On a Wednesday in late January 2006, an artist named Saxton Moore started a thing. That thing was “Throwback Thursday,” even though he posted it on Wednesday.
Saxton didn’t coin the phrase, but Rice University’s Neologisms Database credits him with the “earliest known mention” of it. The database also says that “Throwback Thursday” was defined first in 2003 on Urban Dictionary.
Currently, Urban Dictionary’s top definition of “Throwback Thursday” is as follows:
When you put a picture from a “while” ago on your social media sites
omq Throwback Thursday, I needa find a photo of myself from like hella lonq ago and post it on facebook
by myreinder January 26, 2012
Neither my mother nor my husband understood the Urban Dictionary definition. Please allow me to paraphrase. The general idea of Throwback Thursday is to publicly share something from a previous era in your life. Often it is something embarrassing, like a mullet and braces in your high school yearbook.
Or perhaps it is something you find cute or endearing like a photo of your adult child at her first church youth camp.
Mostly, as with Saxton Moore’s Throwback Thursday artwork where he reimagined a classic cartoon charter, it is just about nostalgia, like the Super Chicken cartoon of my youth.
As much as I love my kid and Super Chicken, my favorite #tbt topic is food, regardless of the day of the week. And Americans have some divine and not-so-divine examples of foods worth remembering and reminiscing over. Take, for example, Jell-O salads. (Incidentally, Jell-O is one of those proprietary eponyms like Kleenex, Band-Aid, Frisbee and Crockpot. The generic term for Jell-O is simply gelatin.)
There is a recipe in my church’s 50th anniversary cookbook for Kool Orange Delight. It contains cottage cheese, orange Jell-O, Cool Whip, canned crushed pineapple, and canned mandarin oranges. Now that’s a Jell-O salad!
Growing up, my sister and I had a special fondness for cherry-flavored Jell-O 1-2-3.
Other throwback food favorites are casseroles. Some accounts say that the casserole, as we know it in the United States, started in the late 19th century and peaked in popularity as the go-to dinner in the 1950s and ’60s.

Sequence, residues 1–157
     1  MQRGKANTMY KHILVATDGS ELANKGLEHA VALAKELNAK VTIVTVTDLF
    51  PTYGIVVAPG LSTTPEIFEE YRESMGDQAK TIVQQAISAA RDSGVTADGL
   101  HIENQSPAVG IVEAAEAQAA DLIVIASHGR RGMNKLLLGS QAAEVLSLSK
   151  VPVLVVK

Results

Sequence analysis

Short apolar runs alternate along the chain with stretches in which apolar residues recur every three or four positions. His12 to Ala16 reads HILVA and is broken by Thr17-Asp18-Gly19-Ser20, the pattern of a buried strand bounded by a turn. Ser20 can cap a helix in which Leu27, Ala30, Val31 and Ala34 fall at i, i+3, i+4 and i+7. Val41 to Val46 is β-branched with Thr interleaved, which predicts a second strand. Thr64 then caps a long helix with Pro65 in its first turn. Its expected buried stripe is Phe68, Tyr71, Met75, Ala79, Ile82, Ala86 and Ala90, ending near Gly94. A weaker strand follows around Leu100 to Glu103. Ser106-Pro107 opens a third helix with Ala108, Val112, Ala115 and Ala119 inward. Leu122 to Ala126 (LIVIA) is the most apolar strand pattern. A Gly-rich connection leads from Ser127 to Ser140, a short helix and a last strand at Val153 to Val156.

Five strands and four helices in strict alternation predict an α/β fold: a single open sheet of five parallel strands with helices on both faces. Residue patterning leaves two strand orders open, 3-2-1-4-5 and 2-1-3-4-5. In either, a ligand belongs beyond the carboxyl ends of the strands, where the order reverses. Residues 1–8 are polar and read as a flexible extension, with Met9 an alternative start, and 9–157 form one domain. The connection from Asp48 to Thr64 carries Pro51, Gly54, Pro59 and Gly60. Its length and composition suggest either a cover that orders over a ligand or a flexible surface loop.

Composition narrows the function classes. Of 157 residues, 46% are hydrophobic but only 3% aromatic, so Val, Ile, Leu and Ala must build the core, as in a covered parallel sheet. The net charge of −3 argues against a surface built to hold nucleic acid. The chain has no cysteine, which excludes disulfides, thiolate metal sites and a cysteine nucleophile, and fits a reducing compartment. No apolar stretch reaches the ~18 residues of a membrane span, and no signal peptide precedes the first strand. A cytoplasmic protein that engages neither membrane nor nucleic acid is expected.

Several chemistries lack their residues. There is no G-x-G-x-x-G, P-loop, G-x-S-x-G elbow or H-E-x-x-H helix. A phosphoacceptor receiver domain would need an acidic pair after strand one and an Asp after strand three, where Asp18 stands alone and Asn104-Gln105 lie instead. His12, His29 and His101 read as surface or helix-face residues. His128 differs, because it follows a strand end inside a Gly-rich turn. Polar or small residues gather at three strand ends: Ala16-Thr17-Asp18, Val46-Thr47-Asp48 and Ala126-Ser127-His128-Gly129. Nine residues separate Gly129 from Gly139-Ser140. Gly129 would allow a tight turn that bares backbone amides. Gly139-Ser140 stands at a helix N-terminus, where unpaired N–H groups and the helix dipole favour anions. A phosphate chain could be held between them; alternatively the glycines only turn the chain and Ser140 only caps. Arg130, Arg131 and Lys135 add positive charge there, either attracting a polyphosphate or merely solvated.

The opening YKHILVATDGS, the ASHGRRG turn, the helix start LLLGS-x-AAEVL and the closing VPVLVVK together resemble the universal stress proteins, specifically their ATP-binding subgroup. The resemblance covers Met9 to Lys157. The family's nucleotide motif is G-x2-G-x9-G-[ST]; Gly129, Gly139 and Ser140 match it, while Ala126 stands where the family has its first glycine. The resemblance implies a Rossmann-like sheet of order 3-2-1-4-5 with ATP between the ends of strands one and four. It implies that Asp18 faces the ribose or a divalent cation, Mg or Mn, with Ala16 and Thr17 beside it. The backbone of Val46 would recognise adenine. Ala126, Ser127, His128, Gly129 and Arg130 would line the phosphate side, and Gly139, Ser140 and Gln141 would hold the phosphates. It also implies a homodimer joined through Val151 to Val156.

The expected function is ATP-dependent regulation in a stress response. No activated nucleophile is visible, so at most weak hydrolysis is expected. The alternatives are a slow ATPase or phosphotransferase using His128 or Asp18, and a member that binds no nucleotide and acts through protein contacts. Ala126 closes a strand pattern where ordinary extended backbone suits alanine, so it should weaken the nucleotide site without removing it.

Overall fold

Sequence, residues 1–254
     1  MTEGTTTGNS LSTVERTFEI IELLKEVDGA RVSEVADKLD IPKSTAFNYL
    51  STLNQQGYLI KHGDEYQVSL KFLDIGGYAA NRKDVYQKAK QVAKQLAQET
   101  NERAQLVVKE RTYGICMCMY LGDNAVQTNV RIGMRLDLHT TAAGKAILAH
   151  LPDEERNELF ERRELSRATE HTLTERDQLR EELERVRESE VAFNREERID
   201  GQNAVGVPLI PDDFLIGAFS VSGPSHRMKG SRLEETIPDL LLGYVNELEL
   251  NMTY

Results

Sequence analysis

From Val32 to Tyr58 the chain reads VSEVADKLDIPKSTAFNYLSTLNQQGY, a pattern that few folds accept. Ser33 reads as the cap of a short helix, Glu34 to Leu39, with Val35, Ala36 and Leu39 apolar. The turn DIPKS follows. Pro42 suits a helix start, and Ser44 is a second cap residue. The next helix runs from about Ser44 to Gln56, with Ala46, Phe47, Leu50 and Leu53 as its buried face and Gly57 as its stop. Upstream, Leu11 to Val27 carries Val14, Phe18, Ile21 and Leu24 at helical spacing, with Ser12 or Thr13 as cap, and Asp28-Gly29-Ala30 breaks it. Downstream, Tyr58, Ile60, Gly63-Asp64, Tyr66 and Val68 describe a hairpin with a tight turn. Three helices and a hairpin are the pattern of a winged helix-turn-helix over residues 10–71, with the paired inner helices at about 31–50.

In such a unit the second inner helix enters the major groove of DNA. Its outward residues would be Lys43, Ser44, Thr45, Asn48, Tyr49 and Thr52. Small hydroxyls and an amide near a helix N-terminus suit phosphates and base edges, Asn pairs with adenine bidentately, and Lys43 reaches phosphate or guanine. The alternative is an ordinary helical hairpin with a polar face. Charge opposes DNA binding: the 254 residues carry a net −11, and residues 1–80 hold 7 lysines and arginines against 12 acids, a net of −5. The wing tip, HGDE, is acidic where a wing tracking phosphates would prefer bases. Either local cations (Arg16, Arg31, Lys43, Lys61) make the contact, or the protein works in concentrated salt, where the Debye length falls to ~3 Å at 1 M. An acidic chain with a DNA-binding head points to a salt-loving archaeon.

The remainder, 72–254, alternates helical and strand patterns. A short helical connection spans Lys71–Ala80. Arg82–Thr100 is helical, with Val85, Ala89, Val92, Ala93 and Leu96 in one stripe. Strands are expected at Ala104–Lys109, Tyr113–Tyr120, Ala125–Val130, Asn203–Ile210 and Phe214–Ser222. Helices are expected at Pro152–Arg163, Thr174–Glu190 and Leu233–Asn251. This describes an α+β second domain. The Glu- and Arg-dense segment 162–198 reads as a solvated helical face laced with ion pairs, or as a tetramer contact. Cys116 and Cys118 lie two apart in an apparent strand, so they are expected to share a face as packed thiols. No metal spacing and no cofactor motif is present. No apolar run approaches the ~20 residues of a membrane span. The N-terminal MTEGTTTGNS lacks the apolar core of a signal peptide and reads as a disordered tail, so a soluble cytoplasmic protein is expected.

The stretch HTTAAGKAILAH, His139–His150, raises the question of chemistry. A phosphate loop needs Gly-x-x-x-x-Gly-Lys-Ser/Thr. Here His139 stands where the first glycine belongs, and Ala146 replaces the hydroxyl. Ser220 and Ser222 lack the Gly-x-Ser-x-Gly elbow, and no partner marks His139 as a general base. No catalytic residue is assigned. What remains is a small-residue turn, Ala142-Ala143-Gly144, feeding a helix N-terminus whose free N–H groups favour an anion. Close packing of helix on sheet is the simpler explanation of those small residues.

The word “casserole” originated in France around the year 1725, according to “New Casseroles Cookbook: Favorite Recipes of Home Economics Teachers.” In France, the casserole is a cooking vessel. Americans began using the word “casserole” to describe the content of the casserole, and now the term is used for both meanings.
“In Defense of the Humble Casserole” is a Chicago Tribune article by Judy Hevrdejs and Lauren Hill, written in January 2015. The authors remind us of some significant American casserole dates.
1913: Pyrex breaks into cookware. Bessie Littleton needed to bake a cake, but her casserole dish was broken. She asked her Corning Glass Works scientist husband to bring home some glass to use instead. He brought her the sawed-off bottoms of some battery jars. And thus, Pyrex, the glass cookware company, was born.
1940s: Eugenia Japp urges husband Leonard (who founded Jay’s Potato Chips) to put a recipe on the chip bags. He used her version of a tuna fish casserole topped with crushed potato chips.
1955: Green bean casserole is born. Campbell Soup Co.’s Dorcas Reilly wanted to create a quick and easy recipe using two common items in American kitchens: green beans and Campbell’s Cream of Mushroom Soup.
Many a casserole have been made using a cream-of-something soup. Even home economics teachers did so in the “New Casseroles Cookbook.” The ingredients in their chicken tetrazzini (Mary’s Quick Chicken Tetrazzini) are cream of mushroom soup, cheddar cheese soup, onion, diced chicken, spaghetti, parmesan cheese and paprika.
Chicken tetrazzini may be one of my favorite #tbt foods, and while I am not completely opposed to using canned soups in my casseroles, I think my mom would raise her eyebrow at me if I used the “New Casserole Cookbook” recipe.
Here is our family’s favorite version, adapted from “Joy of Cooking.”
#TBT Chicken Tetrazzini
Makes 8-10 servings (even better as leftovers)
- 8-12 oz. mushrooms, sliced
- 1 clove garlic, cut in half
- Dash of cayenne (optional)
- ¼ c dry white wine
- 8 oz. dried pasta
- 4-6 T butter or olive oil, or combination of both, divided
- 2 T all-purpose flour
- 2 c chicken stock or broth
- 1 + c half-and-half
- Salt and pepper to taste
- ¼ c fresh parsley, finely chopped